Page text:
Humanizing Education: Paulo Freire’s Legacy

The School of Education’s Center for Humanizing Education and Research (C-HER) hosts a two-night event celebrating Paulo Freire’s centenary and evolving legacy.

By Lisa Klope, School of Education Posted Mon, 01/31/2022 - 12:57

The University of San Francisco School of Education hosted a two-night celebration honoring the centenary and legacy of Paulo Freire. The events, hosted by the School of Education’s Center for Humanizing Education and Research (C-HER), took place on November 9 and 10, 2021. 

“Our school has always had a legacy of understanding and addressing the connection between education and justice,'' said Dean Shabnam Koirala-Azad during her welcome address. “This evening, in some ways, allows us to shine a light on this legacy.” Paolo Freire’s work towards justice is an intricate part of the fabric of the USF School of Education, both in his theoretical contributions and his close collaborations with several School of Education faculty emerita from the 1970s through the 1990s. 

A Brazilian educator and philosopher, Freire’s book Pedagogy of the Oppressed laid the foundation of critical pedagogy. His work has inspired a movement of educators and activists to use teaching as a means to confront all forms of oppression, and seek avenues for liberatory movements that helped heal from racism, colonialism, and sexism. 

Freire visited the University of San Francisco multiple times over the years to engage with faculty and students, and the impact of his time with our community is still felt today. “The very first time I stepped onto the USF campus was in 1985 to hear Paulo Freire speak in the chapel on the hill,” shares Susan Katz, professor of international and multicultural education. “Since I was then making the transition from full-time political activist to public school teacher, his words on the revolutionary power of education deeply resonated.”

Many who joined this fall’s events reflected on the profound influence of Freire on their identities and work as educators. The first evening’s event opened with a poignant poem by Janise Powell, doctoral student in international and multicultural education with a concentration in racial justice in education. The event featured a panel discussion with filmmaker Catherine Murphy, USF School of Education Professor Emerita Alma Flor Ada, and Patrick Camangian, professor of teacher education. The conversation was moderated by Dean Shabnam Koirala Azad.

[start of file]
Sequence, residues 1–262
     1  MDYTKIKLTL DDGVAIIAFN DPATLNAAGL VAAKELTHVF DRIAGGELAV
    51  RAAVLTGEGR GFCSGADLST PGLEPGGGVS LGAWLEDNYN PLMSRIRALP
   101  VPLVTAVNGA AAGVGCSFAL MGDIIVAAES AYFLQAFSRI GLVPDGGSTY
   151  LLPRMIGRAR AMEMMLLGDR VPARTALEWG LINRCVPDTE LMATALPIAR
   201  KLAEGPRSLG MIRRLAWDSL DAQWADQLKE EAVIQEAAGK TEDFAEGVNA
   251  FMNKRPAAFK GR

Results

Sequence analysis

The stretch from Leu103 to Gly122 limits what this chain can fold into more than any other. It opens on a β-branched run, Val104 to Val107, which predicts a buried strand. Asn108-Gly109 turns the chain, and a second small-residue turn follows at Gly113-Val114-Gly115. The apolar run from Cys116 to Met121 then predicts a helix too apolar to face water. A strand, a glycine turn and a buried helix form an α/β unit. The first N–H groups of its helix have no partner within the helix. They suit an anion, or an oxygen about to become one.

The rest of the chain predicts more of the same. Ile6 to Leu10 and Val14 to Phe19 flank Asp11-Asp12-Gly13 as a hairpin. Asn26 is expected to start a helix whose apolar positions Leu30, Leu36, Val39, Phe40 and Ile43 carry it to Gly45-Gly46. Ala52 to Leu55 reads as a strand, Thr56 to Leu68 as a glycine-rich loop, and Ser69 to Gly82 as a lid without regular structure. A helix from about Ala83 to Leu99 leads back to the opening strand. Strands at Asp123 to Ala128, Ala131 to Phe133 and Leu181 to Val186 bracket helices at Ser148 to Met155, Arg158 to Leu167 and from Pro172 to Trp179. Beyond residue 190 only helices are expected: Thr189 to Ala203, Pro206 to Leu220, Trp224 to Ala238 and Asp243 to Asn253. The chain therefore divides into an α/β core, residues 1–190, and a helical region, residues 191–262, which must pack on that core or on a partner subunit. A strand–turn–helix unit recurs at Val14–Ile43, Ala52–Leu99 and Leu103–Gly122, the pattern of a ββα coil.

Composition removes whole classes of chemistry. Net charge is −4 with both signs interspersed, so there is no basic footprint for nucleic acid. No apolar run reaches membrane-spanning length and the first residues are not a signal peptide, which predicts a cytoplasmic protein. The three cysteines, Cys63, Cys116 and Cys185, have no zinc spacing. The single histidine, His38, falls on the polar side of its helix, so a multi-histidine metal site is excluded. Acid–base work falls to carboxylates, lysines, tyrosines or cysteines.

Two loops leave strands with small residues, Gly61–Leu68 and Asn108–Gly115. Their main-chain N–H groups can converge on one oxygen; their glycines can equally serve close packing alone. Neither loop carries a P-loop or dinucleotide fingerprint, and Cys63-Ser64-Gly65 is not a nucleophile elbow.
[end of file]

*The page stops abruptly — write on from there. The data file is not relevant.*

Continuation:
Filmmaker Catherine Murphy previewed their new film, A is for Angicos, which shares Freire’s early, on-the-ground work in Northeast Brazil. Dr. Alma Flor Ada, shared beautiful reflections about her own collaborative relationship with Freire (the two co-produced a series of video conversations about participatory research) and from previous students about the impact of Freire and the love-of-learning his legacy inspires. Dr. Patrick Camangian shared about how Freire set the foundation for his work in humanizing education that has influenced policy changes in San Francisco Unified School District and beyond. 

The second night’s event, Remembering Paulo: A Space for our Stories & Encounters, brought together USF faculty, alumni, and community members who worked with Freire. The evening provided a venue for storytelling, remembering, and laughing as participants reflected on their memories of Freire and his work. 

“Our two evenings of honoring Paulo Freire touched my soul as they were filled with beautiful memories and profound moments inspiring hope for our future,” shares Katz. “From hearing Alma Flor Ada speak of her dialogues with him, to watching Catherine Murphy’s film documenting his worldwide influence, to listening to Patrick Camangian on how Freirean pedagogy has transformed his life work, and finally to meeting on Zoom with the many creative educators whom he influenced, beginning with [international and multicultural education] alum Peter Baird’s original song. All I can say is that this was truly an event to remember.” 

A recording of the first night’s panel conversation can be found here.

A special thanks to Monisha Bajaj, professor of international and multicultural education, and Jazmin Gota MA ’15, EdD ’25 for their work in planning and supporting this two-night event.